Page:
Fournier-Chambrillon C.,Groupe de Recherche et dEtude Pour la Gestion de lEnvironnement | Bifolchi A.,University of Angers | Mazzola-Rossi E.,Groupe de Recherche et dEtude Pour la Gestion de lEnvironnement | Mazzola-Rossi E.,National Veterinary School of Alfort | And 8 more authors.
Journal of Mammalogy | Year: 2010

Despite the numerous studies carried out on the endangered European mink (Mustela lutreola) for conservation purposes, the reproductive biology of this species is largely unknown. In the wild reproductive parameters such as litter size are difficult to observe, particularly for cryptic species such as mustelids. We compared the reliability of nonstained and stained placental scar counts in farmed American mink (Neovison vison) with known litter sizes and then applied the best methodology to free-ranging related speciesEuropean mink, European polecat (Mustela putorius), and feral invasive American minkfor a comparative study of embryonic litter size in western Europe populations. The staining method allowed us to improve the detection of placental scars and to increase the reliability of the method by reducing the observer effect. Nevertheless, this analysis must be performed by 7 months postpartum, before the regeneration of uterine tissues. In free-ranging animals the mean embryonic litter size, estimated by stained placental scar counts and embryo counts, was significantly lower in European mink compared with polecats and American mink, and in polecats compared with American mink. Small litter sizes in European mink could be a factor limiting population growth rates in the species. Our results constitute a first step toward demographic analyses aimed at modeling the population dynamics of these species. © 2010 American Society of Mammalogists.


PubMed | Groupe de Recherche et dEtude pour la Gestion de lEnvironnement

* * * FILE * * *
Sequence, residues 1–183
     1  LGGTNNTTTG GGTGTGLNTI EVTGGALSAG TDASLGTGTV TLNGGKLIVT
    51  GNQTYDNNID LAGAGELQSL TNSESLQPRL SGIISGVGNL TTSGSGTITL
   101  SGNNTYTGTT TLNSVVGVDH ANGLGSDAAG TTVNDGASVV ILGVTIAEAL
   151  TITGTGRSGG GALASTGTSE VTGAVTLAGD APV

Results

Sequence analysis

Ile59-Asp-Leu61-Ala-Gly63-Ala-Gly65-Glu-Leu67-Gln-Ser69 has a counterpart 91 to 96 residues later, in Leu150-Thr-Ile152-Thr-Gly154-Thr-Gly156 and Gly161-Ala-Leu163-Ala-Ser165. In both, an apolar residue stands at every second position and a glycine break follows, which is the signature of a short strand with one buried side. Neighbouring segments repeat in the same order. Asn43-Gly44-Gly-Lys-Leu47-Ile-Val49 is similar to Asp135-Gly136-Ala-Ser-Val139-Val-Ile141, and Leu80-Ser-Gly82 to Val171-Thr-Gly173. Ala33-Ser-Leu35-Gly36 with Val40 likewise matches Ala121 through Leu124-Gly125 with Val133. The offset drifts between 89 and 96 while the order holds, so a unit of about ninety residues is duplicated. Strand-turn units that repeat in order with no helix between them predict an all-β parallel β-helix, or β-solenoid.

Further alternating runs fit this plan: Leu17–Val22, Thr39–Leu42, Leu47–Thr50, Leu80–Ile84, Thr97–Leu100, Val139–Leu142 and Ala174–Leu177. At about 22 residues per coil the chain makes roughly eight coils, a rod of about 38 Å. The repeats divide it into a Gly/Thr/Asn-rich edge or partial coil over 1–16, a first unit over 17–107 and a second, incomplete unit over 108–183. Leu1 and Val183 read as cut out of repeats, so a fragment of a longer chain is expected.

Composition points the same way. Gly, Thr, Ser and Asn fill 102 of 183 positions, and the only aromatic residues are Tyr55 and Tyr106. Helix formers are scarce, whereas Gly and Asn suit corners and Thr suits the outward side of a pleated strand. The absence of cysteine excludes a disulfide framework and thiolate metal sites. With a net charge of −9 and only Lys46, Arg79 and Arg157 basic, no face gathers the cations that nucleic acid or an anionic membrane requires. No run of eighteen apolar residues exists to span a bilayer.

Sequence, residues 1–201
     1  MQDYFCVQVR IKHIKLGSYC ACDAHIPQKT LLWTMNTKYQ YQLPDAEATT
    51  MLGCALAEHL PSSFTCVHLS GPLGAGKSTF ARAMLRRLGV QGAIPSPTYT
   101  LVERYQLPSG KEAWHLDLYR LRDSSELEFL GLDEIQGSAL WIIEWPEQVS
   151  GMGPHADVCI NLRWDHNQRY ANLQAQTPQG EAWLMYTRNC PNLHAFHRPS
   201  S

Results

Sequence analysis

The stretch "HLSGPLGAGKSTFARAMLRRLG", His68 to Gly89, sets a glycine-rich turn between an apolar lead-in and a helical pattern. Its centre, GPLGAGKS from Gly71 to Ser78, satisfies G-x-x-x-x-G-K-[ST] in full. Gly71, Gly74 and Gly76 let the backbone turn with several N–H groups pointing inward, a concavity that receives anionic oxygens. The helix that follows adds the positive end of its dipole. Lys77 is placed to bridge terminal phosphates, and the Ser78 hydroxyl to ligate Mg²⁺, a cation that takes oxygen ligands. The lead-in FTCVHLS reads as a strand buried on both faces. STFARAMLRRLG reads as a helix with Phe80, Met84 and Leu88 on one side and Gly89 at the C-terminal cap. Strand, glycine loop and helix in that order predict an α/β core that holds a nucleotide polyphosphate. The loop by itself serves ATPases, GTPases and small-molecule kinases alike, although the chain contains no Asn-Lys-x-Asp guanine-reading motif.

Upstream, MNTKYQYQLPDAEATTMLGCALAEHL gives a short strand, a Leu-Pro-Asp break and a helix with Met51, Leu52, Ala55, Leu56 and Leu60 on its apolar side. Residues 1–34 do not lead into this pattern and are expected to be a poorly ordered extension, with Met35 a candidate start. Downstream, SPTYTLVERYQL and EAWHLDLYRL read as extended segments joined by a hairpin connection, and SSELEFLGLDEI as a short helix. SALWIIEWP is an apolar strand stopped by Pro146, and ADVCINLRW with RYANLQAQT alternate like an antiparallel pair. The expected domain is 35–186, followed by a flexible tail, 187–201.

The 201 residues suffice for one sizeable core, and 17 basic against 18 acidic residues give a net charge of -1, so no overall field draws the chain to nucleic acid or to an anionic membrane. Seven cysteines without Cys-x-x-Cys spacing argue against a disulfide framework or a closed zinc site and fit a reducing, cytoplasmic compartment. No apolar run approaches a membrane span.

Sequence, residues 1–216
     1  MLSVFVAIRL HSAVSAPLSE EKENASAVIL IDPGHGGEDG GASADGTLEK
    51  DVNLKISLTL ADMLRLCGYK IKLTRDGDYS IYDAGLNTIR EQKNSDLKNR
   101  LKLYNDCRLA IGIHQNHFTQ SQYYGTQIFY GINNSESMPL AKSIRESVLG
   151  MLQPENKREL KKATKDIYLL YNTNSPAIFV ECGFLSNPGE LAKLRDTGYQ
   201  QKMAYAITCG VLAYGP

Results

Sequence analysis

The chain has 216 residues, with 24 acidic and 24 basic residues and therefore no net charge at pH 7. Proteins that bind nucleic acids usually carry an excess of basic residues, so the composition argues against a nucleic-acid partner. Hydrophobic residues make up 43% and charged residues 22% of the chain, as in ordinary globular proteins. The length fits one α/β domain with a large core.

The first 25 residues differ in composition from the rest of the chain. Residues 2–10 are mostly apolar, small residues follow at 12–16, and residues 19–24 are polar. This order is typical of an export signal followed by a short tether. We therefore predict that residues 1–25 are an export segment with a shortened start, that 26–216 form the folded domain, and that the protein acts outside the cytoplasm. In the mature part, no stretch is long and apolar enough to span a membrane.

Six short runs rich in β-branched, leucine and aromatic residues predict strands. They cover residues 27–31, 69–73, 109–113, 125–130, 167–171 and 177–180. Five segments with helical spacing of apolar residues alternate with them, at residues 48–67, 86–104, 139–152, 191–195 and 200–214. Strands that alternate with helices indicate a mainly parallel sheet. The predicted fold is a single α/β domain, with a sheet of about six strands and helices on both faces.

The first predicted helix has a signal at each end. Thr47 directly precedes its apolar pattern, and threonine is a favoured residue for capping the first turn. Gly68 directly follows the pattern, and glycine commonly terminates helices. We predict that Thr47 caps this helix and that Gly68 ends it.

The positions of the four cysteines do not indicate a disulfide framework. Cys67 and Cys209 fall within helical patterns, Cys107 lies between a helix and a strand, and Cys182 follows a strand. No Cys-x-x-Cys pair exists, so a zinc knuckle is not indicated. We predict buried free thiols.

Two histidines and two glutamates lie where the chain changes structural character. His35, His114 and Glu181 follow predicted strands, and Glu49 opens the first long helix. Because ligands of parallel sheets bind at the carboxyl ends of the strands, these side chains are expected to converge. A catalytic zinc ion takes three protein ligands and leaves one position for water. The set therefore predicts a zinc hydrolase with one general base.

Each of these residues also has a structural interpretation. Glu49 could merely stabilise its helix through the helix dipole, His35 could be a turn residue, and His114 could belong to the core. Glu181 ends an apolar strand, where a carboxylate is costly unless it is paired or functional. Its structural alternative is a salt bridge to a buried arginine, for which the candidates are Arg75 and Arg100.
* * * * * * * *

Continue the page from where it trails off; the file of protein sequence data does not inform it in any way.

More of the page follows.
Type: Journal Article | Journal: Journal of wildlife diseases | Year: 2010

To study the possible role of disease in the decline of endangered European mink (Mustela lutreola), we conducted a survey of antibody prevalence and renal carriage of pathogenic leptospira (Leptospira interrogans sensu lato) using serum and kidney samples collected from 1990 to 2007 from several free-ranging small carnivores and farmed American mink (Mustela vison) in southwestern France. An indirect microscopic agglutination test using a panel of 16 serovars belonging to 6 serogroups (Australis, Autumnalis, Icterohmorrhagi, Grippotyphosa, Panama, Sejroe) revealed antibodies in all species, with significant differences in antibody prevalences: 74% in European mink (n=99), 65.4% in European polecats (Mustela putorius, n=133), 86% in American mink (n=74), 89% in stone martens (Martes foina, n=19), 74% in pine martens (Martes martes, n=19), 35% in common genets (Genetta genetta, n=79), and 31% in farmed American mink (n=51). Serogroups Australis and Icterohmorragi were dominant in most free-ranging species; serogroup Grippotyphosa had high prevalences in European mink. Such high antibody prevalences have never been reported. They are probably related to the large number of known reservoirs, rats (Rattus spp.), muskrat (Ondatra zibethicus), and coypu (Myocastor coypu), in the study area. The polymerase chain reaction test specific for pathogenic leptospiral DNA detected renal carriage in 23% of 34 European mink, 22% of 18 polecats, and 15% of 33 free-ranging American mink, with no significant differences. Renal carriage shows that mustelids may shed leptospira for short periods, but their epidemiologic role is probably limited. High antibody prevalences suggest that the disease is unlikely to be highly pathogenic for these species; however, chronic forms of the disease (abortions, renal lesions) could reduce the reproductive success or life span of infected animals. Further studies on the pathogenicity of leptospirosis in these populations are needed to measure its impact on the population dynamics of these rodent predators.